There were some startling accusations about the Austin Police Academy in a recent article. The author points out that the allegations are unsubstantiated, and the article makes clear that the accusers failed to complete the program. A letter from an attorney representing the accusers is also linked in the article. Having served 21 years in law enforcement and directed a police academy, I believe addressing some of these concerns will give context to the issue.
A popular term for our police officer model is “guardian.” Somewhere in the development of this new term, we vilified the term “warrior” as it relates to our police. This is a mistake. All guardians are also warriors, even if the reverse is not always true.
While our police should be both guardians and warriors, they should eschew militarization, in which a preference for use of force is the answer to all problems. As guardians, our officers must be willing and able to use appropriate force as a warrior but understand it is not the preferred course of action.
We are not far removed from two of the best and worst policing examples in recent memory. The failure of a Broward County deputy to enter Parkland High School during an active shooter attack drew national attention to the failures in police selection and training. Then, right here in Austin, we watched our heroic police officers take down a serial bomber with little concern for their own safety.
The same training program that is the subject of these recent complaints produced the officers who took actions for which no training program could prepare them for specifically. This bravery is a cultural issue as much as it is a training issue. Officers willing to take such actions in the protection of their community do not exist as singular unicorns within a police department; they are part of a department culture that finds them and trains them.
Every police agency’s culture is different. Austin’s policing is a product of training, community involvement, hiring, local government, discipline and a host of other factors.
As for the allegations, consider a few things:
• Some of the cadets failed to complete the very demanding physical training either due to fitness or injuries. The community has a vested interest in having fit officers. Fit officers are injured less and have a greater sense of personal security which can limit their fear response triggering an over-reaction when using force. Unfit or unskilled officers are more likely to opt for the highest level of force against an offender rather than risking their own injury or death.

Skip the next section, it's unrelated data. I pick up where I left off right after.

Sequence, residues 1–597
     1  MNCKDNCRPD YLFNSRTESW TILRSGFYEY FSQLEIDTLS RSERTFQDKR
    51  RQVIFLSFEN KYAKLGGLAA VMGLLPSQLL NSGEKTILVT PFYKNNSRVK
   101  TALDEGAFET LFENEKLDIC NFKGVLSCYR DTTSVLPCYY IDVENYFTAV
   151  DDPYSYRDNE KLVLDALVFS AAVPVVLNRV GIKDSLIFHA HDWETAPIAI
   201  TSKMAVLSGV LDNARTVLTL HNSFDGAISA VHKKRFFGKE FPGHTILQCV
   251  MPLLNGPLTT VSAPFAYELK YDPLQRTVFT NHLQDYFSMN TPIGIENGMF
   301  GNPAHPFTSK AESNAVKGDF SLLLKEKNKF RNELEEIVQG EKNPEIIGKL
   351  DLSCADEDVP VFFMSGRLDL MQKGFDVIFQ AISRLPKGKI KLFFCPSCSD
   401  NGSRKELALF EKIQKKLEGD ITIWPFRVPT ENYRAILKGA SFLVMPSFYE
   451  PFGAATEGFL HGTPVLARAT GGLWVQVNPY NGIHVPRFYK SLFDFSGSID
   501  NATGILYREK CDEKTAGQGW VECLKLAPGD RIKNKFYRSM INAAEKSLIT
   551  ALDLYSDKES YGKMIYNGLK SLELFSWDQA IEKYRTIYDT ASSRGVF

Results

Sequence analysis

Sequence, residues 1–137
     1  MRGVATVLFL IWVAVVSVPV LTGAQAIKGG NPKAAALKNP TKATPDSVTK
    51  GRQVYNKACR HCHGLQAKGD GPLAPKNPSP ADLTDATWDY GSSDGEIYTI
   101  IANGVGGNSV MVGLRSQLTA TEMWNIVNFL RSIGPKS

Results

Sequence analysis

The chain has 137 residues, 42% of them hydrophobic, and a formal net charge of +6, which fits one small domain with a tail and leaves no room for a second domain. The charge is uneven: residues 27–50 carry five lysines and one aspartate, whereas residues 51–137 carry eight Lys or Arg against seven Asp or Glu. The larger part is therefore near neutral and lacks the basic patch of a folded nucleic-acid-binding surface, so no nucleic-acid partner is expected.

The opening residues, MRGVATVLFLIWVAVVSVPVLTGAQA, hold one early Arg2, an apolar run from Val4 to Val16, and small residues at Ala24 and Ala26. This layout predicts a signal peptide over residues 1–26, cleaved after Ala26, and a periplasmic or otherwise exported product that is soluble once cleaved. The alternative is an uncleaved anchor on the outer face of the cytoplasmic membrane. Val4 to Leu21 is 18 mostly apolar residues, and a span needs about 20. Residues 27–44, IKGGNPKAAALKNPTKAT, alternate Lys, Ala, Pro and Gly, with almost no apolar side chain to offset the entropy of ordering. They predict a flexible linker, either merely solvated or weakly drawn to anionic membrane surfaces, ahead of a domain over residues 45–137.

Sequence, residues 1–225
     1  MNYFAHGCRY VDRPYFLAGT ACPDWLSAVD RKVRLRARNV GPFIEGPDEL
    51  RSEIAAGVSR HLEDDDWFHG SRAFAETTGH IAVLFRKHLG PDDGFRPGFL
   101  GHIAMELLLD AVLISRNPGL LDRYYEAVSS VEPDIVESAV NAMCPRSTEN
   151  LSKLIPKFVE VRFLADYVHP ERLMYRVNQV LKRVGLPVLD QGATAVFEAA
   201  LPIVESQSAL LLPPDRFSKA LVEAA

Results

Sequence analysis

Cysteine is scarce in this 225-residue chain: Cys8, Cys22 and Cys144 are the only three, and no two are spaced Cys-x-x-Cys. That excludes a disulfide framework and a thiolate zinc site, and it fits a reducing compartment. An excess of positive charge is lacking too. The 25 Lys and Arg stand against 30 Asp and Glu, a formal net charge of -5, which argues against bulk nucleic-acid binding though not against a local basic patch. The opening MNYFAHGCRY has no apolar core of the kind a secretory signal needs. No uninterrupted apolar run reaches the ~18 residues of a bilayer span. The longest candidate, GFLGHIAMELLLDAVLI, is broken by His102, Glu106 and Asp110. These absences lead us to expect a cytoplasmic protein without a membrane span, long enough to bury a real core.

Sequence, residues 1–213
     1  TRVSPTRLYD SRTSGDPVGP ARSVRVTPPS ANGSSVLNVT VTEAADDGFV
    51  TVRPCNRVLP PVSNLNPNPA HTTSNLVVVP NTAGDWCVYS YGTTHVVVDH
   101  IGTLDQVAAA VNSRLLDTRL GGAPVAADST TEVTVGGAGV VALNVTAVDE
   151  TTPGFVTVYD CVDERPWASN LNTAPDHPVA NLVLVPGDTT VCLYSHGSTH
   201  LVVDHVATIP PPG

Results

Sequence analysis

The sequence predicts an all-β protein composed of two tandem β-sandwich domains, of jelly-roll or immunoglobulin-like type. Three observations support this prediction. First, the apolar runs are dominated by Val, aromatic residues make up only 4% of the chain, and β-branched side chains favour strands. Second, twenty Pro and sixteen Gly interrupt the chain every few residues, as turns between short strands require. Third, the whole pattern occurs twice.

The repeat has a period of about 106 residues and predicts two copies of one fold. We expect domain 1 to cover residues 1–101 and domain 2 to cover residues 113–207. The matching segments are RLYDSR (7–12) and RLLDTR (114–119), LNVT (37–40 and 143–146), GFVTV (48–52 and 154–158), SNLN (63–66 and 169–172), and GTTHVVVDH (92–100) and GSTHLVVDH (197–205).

• Skill level is part of what determines the justification for force; therefore, highly skilled officers are desired. Officers should prefer de-escalation — an important part of their training — but also be capable of escalation, and not just to the final option of a firearm that less capable officers are limited to. Unfit or less capable officers are a liability to themselves and to the public. Weeding them out is properly done in the academy.
• The ability to operate in all areas of the force spectrum is part of the guardian’s role — and it is the warrior portion of that role that is developed to accomplish this task. Confident officers are made through intense preparation in the training environment, making them sure of their abilities and limiting the chances an officer will overreact or underreact to a situation, like we saw in Parkland.
Austin’s training methods prepare cadets for the realities of patrol work. Every academy class will contain everything from combat veterans to recruits that have never had an interpersonal conflict. All of them must be able to perform once they are sent out on patrol, for their own safety and for that of the community. What the best of them will share upon graduation is compassion, a heart for service, the ability to think critically, physically fit bodies, sound minds, and warrior skills.
Petersen is a senior researcher with Right on Crime and the Center for Effective Justice at the Texas Public Policy Foundation.